In preparation for our upcoming interview, I am reading The Dyslexic Advantage by Brock and Fernette Eide. The Eides point out that while boys and girls described as Dyslexic experience the well documented challenges with spelling, reading, and rote math, these same boys and girls often go on to show fantastic strengths in other areas, particularly art, engineering, and design. Their point is that Dyslexia is not something you merely suffer with, but an orientation that, like most orientations, has certain strengths and weaknesses and that we should be focusing on the strengths, not the weaknesses.

I was heartened to read this. When my youngest son, who was diagnosed on the Autism spectrum, first began receiving professional attention, I noticed that all discussions of him centered on what he could not do. I understood this inclination. The professionals were trying to help him, and if you want to help someone the temptation is to find what they can’t do and help them do it.

But when he was quite young he showed an almost savant like ability to play the drums. When you have a child on the spectrum, you will spend a lot of time in meetings with specialists where these specialists will show you test results and tell you how your child is not normal. These specialists are well intentioned. They want you to understand how much work is to be done. But it’s depressing. Who would want their life laid out in test results?

At one such meeting I brought up the drumming. He’s a fantastic drummer, I said. He drums better than a boy twice his age—three times his age. What about that? The specialists looked at me with strained patience. Drumming had nothing to do with his language delay, with his outbursts, with his social skills. The drumming sounded nice, but it was not relevant.

It reminds me a bit of stories certain commercial writers have told me about their experiences in MFA programs. The MFA programs tend to be literature-centric, and these poor future romance, suspense, or science fiction writers struggle to fit their peg into the hole of literature.

It’s pointless.  It’s pointless for us to strengthen ourselves by wringing our hands over what we call our weaknesses.  Our strengths, which is another word for our interests, our love, our reason that we’re on this planet, are there to guide us toward some fully expanded version of ourselves, and what we call our weaknesses are no different than the millions of roads we cannot follow as we chase that path we love.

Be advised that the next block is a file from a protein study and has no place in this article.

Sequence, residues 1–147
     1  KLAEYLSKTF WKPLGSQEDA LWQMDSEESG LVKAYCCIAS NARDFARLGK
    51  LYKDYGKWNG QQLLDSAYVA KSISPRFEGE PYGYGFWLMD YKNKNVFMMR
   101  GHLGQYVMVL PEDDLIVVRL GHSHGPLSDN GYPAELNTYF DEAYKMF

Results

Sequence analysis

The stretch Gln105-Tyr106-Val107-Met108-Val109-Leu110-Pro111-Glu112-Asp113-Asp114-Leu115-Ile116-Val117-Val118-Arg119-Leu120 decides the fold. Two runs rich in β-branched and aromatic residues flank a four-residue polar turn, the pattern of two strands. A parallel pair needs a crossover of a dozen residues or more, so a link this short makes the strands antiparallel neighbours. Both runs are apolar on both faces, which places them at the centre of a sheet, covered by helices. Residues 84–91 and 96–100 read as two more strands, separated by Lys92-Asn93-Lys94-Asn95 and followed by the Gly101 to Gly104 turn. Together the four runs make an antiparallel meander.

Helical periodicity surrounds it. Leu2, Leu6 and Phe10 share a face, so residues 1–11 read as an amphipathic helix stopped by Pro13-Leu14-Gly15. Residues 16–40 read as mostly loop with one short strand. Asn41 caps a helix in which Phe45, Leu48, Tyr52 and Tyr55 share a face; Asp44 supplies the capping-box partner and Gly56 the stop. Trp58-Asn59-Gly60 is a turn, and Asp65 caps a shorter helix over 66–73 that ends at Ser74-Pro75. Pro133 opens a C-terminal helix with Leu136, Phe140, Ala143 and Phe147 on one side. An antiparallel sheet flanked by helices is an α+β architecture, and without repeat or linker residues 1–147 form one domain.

If you like the ideas and perspectives expressed here, feel free to contact me about individual and group conferencing.

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Cast Your Net

I fully understand the necessity of genres in publishing. If nothing else, publishers and booksellers must have some way to let perspective readers know as quickly as possible what they are more or less in for when they pick up a book. Thus, over in the science fiction/fantasy section you will find lasers and dragons, and in the suspense you will be able to read about someone being killed and someone else will learning who that killer is and bringing them to justice.

In the last twenty years there has been a proliferation of media, from a slush pile of cable channels, to the internet, to satellite radio. One result of this has been a genrefication of everything from news to music. If you’re liberal you know where to get your version of the news, if you’re conservative you have your outlets; likewise, there are radio stations for those who prefer Hip Hop and those who prefer Country.

This is when pundits will typically talk about the fracturing of America and how there are no communities anymore and we’re all cowering in our political/aesthetic corners—to which I say, bunk. This flowering of options is merely a result of that most basic of human impulses—preference. That we have gone from seeing most of humanity as the gray peon of the industrial revolution to something so diverse that women who love African America Christian Romance deserve their own sub-genre is all to the good.

And besides, too often I have learned that a man I was certain swam in only literary waters has read every Clive Cussler novel, or a woman I thought thoroughly devoted to vampires was a enthusiastic Amy Tan reader. We are forever seeking what we love most. That is all. Only we sometimes mistakenly believe we have found all there is to love, and we cross our arms and declare, “I know what I like.”

Of course we do.  Except what we love isn’t a thing or a person or a genre, it is a feeling only, a vibration of thought capable of many forms. Indeed, it requires many forms to complete itself. And so we cast our nets every day for all the music and books and leaders and friends and lovers and ideas that we assemble into what we call pleasure, and in the end the lines between genres and political parties are no more real than borders we have drawn between nations.

If you like the ideas and perspectives expressed here, feel free to contact me about individual and group conferencing.

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Know It

We are all familiar, I’m sure, with old adage, “Write what you know.” This concept is loosely attributed to Hemingway, and for two reasons. One he had a habit of writing about things he did. Watch bull fighting, writing a couple of books about bull fighting. Go to war and like fishing, write stories about war and fishing.

The other reason, however, is that in A Moveable Feast he discusses making a decision to write a story about one thing he knows for sure. It is easy to think that he meant something he had experienced personally, but I believe in this instance he was referring to what he knew to be true.